>This the first I’ve written in a while, which is a bit sad. Life has been so busy lately, so hectic, that by the time I’m home for the night, I just want to relax. But I had to come back to myself. Here goes.
The wife and I recently visited a place I haven’t seen in, well, it has to have been at least 10 years. My aunt died over nine months ago, and my cousins are still accumulating trinkets from her life — pictures of her, crafts she had labored over, clothes she had left behind. And they are fixing up her house, the one she raised her three boys in, the same one she was raised in with my mother and other siblings. Though I never lived there, I might as well have. I spent so much of the first five years of my life there, playing with my cousins. But life got in the way — all the entanglements of broken relationships and complications of life got in the way. They seem to expand and touch each family member, as a broken wave crawls its way up to the highest grains of sand at tide. I didn’t see my cousins as much, nor did I see my aunt as much once I got a little older. Once a year, maybe.
So walking back into that house Sunday was a jolt to my system; the shocks traveled from my external senses and up to the far reaches of my brain, into annals I hadn’t touched in a decade.
The musty smell of the cramped utility room and the shadows that cloaked the exposed wall joints actually scared me, as they had as a five year old.
The angle of the kitchen counter top reminded me of the glass cookie jar she used to have packed-to-the-lid for us: Oreos and those buttermilk cookies with the holes in the middle, the ones you can stack five-high on your index finger.
The smell of honeysuckle and grass blades flooded my head when I went to the backyard, though it had been changed much by my cousins’ updating. The old metal shed that reeked of lawn mowers and gasoline and whose sides were splotched with rust was gone; only a slab of concrete remained. The clothesline, that my grandmother had put in and that stretched almost the whole width of yard left only two holes in the earth. The chain link fence was seemingly un-linked by the ivy crawling up it sporadically. But the three slabs of dirty concrete, probably two feet by two feet each, were still beside the air conditioner. Even the metal handle, rusted as it was to the middle slab, was still there. That was back when the house only had the septic tank, which the slabs led into.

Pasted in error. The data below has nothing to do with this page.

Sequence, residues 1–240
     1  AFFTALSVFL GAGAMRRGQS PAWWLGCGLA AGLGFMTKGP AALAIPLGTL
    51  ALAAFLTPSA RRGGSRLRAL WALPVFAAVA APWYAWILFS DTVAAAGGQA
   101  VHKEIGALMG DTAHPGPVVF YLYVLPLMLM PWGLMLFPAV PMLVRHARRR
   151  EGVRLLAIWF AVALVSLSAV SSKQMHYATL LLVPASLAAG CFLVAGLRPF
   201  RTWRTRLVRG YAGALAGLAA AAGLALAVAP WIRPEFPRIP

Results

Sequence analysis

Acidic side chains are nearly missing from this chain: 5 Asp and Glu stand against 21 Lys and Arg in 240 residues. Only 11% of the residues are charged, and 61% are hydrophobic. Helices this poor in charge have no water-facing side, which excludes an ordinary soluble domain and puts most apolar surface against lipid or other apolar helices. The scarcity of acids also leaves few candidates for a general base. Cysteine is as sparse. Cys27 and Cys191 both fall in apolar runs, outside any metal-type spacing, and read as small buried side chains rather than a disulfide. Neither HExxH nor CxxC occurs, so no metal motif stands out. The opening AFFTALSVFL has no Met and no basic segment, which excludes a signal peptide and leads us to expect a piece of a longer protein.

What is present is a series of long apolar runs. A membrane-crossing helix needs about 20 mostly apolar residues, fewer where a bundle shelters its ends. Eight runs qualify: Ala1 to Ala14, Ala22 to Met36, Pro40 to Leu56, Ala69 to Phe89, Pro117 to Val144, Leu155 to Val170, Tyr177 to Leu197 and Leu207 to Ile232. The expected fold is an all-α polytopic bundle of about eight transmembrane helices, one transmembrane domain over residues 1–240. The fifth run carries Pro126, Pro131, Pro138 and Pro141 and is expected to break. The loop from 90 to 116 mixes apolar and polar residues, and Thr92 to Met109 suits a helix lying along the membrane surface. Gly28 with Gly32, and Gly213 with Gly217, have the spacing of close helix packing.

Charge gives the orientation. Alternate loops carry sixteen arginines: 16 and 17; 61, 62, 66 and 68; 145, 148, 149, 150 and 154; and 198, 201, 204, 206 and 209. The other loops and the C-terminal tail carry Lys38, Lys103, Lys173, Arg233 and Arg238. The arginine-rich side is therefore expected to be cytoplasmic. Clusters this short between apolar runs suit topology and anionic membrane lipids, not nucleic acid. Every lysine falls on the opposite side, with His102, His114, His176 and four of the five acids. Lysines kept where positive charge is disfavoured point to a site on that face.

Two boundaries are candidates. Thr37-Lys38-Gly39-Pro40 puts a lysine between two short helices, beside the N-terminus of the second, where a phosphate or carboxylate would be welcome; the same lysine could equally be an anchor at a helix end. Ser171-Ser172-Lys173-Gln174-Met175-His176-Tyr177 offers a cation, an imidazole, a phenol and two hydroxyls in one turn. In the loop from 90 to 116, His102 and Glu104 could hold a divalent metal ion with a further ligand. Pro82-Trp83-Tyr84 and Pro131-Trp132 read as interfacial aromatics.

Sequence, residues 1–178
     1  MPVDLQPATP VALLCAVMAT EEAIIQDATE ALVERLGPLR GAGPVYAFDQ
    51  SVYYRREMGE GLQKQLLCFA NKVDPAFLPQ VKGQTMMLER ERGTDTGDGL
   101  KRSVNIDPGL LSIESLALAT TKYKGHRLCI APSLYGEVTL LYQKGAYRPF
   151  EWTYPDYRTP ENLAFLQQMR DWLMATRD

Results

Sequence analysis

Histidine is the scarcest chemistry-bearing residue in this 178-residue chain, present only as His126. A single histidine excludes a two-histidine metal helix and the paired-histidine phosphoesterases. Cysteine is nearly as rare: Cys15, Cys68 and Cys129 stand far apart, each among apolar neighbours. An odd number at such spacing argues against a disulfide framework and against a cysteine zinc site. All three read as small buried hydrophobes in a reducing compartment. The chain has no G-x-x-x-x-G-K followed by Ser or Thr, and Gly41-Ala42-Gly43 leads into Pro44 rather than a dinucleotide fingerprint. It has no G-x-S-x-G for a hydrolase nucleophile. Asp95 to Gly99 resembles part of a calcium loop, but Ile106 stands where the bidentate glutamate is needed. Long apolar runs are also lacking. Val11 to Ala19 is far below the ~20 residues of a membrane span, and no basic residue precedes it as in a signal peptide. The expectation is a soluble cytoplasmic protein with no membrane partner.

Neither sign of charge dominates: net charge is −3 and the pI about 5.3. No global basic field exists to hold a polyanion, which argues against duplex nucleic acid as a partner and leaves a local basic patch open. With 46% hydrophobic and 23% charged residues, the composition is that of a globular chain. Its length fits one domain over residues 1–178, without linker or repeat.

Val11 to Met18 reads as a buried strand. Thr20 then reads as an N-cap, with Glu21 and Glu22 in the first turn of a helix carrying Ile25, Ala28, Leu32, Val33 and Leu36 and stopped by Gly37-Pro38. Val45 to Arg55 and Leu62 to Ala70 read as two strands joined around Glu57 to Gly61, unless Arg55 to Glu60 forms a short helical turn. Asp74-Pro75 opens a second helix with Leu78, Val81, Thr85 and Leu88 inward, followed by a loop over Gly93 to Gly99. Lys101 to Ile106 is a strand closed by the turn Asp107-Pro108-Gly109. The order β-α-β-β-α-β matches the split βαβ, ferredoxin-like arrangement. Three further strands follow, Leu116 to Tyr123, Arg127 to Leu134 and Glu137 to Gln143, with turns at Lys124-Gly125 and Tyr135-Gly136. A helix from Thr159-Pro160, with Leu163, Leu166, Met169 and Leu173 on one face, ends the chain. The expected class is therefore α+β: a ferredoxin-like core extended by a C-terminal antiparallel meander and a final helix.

The weeds around the neighborhood were still there. Walking through neighbors’ yards and the woods which surorunded them, the switches and vines grabbed at our bare legs, swishing our shins while my aunt led our expedition to the creek nearby, then to her old elemntary school.
The pear tree in the front yard had shrunk; it was much shorter than I thought it as a child. And though it was still alive, its leaves and fruit were far fewer. The crags and cracks in its bark showed up like wrinkles on skin. It had been so long.
Life was so different as a child, when the world seemed so immovable, and all was black and white. It was either scary, like the utility room, or it was fun and adventurous, like the treks through the weeds.
And you never think it will change. The trees will always be strong, fertile, and tall. The clothes line won’t be taken away. And we’ll always play in the back yard or walk through the woods, itchy as it was. She’ll always be here.
How quickly we are reminded of what was. And in a strange way, sometimes we hope for it again.